I mentioned recently that our village hall was having a stovies evening and some of you asked what stovies were. Nowadays I suppose the traditional dish of stovies gets adapted to whatever is left at the end of a winter week in fridge and store cupboard. Stovies lends itself to adaptations and is a wonderfully warming meal for a dreich winter evening.
To give the correct recipe for stovies, or stoved potatoes (from the French étuvée meaning braised) I consulted my copy of The Scots Kitchen by F Marian McNeill, journalist, traveller and authority on Scottish folklore and cooking who was also involved with the women’s suffrage movement. Since its publication in 1929 her book has become a classic, still bought and cherished, providing an account of eating and drinking in Scotland throughout the ages, along with recipes for national dishes.
Two recipes are given for stovies. The first attributed to Lady Clark of Tillypronie (an estate near Tarland in Aberdeenshire). As a child and then a diplomat’s wife, Lady Clark travelled extensively, collecting recipes between 1841 and her death in 1897. The Cookery Book of Lady Clark of Tillypronie was published by her husband in 1909 and has since been republished. In this recipe, potatoes are placed in a pot with a little water, salt and slivers of butter and simmered slowly and gently until soft.
But the recipe everyone knows as stovies is what Marian McNeill refers to as A Cottage Recipe. Here sliced onions are sautéed in beef dripping (I use oil with a little butter added and often add some chopped bacon or salami). When the onions are coloured add sliced potatoes and stir around. In some recipes lamb or other leftover meat is also added. Add water to almost cover (I also crumble in a stock cube, perhaps a squirt of tomato puree and often sliced carrots and whatever other vegetables are to hand), then simmer until soft. My family likes it served with a sprinkling of nutty oatmeal. Warming food for a Scottish winter.
Many of the recipes in The Scots Kitchen are attributed to Meg Dods and her Cook and Housewife’s Manual. This is where a collection of recipes becomes more than a cookbook, for Mistress Margaret Dods of the Cleikum Inn, St Ronan’s (in Peeblesshire in the Scottish Borders) was a literary character — landlady of the Cleikum Inn in Sir Walter Scott’s novel St Ronan’s Well, published in 1823. The Meg Dods character is thought to have been based on Miss Marian Ritchie, the landlady of the Howgate Inn, near Edinburgh, where Scott often stayed during fishing trips when a student.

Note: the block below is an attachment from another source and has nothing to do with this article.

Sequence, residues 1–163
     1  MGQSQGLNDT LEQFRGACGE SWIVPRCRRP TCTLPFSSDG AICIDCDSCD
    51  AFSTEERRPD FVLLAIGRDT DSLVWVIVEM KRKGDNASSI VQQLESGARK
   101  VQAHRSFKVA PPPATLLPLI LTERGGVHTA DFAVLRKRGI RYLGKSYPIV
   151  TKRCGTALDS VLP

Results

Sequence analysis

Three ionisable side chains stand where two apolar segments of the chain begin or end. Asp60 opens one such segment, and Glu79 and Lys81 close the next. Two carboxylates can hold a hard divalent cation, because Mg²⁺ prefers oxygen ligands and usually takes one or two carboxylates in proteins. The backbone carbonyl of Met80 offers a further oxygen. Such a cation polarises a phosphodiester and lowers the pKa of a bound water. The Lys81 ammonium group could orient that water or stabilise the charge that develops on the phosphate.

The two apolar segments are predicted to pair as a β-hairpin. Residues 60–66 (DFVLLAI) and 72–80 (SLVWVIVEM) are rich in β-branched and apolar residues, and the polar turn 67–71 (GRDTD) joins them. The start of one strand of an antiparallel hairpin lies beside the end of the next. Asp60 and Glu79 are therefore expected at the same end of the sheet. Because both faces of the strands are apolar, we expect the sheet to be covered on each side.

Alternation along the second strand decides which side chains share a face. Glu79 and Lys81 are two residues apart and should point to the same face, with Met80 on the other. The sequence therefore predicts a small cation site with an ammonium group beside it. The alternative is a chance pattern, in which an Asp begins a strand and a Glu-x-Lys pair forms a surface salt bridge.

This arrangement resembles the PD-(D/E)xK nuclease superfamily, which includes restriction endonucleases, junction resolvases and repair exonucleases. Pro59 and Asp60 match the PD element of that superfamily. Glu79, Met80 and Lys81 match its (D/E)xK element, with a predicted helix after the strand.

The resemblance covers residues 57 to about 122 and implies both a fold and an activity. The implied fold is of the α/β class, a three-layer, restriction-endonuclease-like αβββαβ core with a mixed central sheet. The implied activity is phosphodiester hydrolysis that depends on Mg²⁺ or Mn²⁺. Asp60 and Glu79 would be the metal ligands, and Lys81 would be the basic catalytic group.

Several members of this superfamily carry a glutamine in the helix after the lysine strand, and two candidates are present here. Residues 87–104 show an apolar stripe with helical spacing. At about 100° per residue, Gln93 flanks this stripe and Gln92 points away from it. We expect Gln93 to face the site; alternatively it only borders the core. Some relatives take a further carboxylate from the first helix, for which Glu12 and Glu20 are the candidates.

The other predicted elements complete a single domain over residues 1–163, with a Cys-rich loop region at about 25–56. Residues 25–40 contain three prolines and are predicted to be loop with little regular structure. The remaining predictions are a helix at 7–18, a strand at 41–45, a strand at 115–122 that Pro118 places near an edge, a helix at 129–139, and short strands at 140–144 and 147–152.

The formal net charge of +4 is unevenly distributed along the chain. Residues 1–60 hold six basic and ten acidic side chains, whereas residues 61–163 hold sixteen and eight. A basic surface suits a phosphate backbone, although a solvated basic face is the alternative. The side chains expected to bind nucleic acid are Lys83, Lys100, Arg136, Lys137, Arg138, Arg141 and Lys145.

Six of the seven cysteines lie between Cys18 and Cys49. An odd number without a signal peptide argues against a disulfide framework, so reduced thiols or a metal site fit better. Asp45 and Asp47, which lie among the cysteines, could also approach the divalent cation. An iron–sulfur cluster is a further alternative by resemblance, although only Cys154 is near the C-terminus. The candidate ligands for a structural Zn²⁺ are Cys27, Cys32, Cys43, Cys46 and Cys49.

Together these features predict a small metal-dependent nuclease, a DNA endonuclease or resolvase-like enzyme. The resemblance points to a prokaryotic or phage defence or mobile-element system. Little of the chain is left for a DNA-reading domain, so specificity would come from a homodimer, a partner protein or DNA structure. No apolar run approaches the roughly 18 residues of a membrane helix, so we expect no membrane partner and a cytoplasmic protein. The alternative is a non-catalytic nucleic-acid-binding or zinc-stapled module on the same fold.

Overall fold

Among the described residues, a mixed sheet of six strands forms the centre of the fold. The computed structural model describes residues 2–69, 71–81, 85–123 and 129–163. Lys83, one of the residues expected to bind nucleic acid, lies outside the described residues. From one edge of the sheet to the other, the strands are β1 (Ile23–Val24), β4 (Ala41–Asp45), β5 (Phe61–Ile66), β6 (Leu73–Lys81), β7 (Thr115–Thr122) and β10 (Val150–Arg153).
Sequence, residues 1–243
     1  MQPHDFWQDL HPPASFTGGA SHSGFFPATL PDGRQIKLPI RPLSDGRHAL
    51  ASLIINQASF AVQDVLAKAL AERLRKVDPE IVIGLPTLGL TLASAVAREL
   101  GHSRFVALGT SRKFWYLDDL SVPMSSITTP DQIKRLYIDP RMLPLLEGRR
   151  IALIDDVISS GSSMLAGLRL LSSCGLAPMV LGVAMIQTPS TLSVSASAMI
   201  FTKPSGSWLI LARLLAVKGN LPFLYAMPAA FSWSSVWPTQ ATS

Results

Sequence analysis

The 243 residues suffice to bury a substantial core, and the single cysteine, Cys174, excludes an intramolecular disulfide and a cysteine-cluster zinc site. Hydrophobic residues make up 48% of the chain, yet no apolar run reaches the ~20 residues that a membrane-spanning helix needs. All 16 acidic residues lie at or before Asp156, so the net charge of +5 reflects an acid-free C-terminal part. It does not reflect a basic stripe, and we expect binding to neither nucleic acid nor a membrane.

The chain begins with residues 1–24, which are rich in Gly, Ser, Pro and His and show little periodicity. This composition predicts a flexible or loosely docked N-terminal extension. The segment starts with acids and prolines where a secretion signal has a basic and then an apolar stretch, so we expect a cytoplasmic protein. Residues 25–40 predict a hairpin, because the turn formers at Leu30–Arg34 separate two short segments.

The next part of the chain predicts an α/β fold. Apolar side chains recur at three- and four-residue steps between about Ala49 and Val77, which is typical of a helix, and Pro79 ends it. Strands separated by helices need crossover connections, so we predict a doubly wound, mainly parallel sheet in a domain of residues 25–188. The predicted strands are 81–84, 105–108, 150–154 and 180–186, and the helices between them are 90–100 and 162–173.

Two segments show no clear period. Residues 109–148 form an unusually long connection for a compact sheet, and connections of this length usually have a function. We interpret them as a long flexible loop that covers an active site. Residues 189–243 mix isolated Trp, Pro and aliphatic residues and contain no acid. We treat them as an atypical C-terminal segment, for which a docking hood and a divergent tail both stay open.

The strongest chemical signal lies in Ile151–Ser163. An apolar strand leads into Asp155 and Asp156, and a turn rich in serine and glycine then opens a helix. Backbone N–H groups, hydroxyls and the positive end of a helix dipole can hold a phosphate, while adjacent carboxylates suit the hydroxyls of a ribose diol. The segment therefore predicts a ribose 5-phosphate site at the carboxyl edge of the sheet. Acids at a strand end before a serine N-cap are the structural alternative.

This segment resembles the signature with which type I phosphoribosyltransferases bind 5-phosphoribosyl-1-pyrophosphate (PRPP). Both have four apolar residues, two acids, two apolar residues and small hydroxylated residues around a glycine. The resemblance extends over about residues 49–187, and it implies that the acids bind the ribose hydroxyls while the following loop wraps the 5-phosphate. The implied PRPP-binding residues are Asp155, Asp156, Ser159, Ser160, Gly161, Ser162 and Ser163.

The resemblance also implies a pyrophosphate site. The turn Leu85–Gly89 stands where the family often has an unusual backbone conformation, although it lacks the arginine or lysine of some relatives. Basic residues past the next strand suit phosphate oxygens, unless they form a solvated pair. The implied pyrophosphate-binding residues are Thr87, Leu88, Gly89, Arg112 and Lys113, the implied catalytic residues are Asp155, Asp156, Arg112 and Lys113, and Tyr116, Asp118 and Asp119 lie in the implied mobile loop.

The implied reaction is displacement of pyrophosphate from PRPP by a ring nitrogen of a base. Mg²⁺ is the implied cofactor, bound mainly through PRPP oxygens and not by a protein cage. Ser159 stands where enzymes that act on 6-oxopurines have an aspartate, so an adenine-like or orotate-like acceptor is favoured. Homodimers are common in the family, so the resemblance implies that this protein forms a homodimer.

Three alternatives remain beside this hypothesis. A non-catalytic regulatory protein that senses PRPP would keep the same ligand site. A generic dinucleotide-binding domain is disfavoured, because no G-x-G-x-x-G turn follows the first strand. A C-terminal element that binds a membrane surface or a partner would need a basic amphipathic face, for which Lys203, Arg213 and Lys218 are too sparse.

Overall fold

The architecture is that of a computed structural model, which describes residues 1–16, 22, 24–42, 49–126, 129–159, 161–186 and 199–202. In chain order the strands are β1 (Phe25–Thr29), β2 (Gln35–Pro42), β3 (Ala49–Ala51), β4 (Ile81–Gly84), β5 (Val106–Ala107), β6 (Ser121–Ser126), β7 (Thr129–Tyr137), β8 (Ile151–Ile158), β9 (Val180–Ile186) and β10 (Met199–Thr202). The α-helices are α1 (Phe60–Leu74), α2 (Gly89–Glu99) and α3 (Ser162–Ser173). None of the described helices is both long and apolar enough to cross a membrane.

Such was the success of the Meg Dods character that three years later one of the earliest Scottish cookery books was published under the name Meg Dods’ Cookbook: The Cook and Housewife’s Manual. The author may be fictitious but the recipes are real. The actual author was Mrs Isobel Christian Johnstone, wife of Scott’s publisher. And the opening chapter is said to have been written by Scott himself.
Mrs Johnstone was an author who became the editor of a well known magazine, Tait’s Edinburgh Magazine, a monthly periodical founded in 1832 and an important venue for liberal political views, as well as contemporary cultural and literary developments. Isobel Johnstone was an early feminist and is reputedly the first paid woman editor of a major Victorian periodical. By all accounts she was a feisty woman with a great sense of humour. She obviously liked good food, too!
The Cook and Housewife’s Manual became extremely popular, indeed it is still sought after, and its popularity no doubt increased when Marion McNeill wrote it was “a work not unworthy to be placed alongside its French contemporary, Brillat-Savarin’s Physiologie du Goût.”
My copies of these books are –
The Scots Kitchen: Its Lore & Recipes, F Marian McNeill, Blackie & Son Ltd, Glasgow and London, Second edition 1963
The Cook and Housewife’s Manual: A practical system of modern domestic cookery and family management, By Mistress Margaret Dods of the Cleikum Inn, St Ronan’s, Eleventh Edition Revised, Edinburgh: Oliver and Boyd, Tweeddale Court, London: Simpkin, Marshall and Co., 1864 (first pub. 1826)
So there is quite a tale woven around our simple dish of stovies.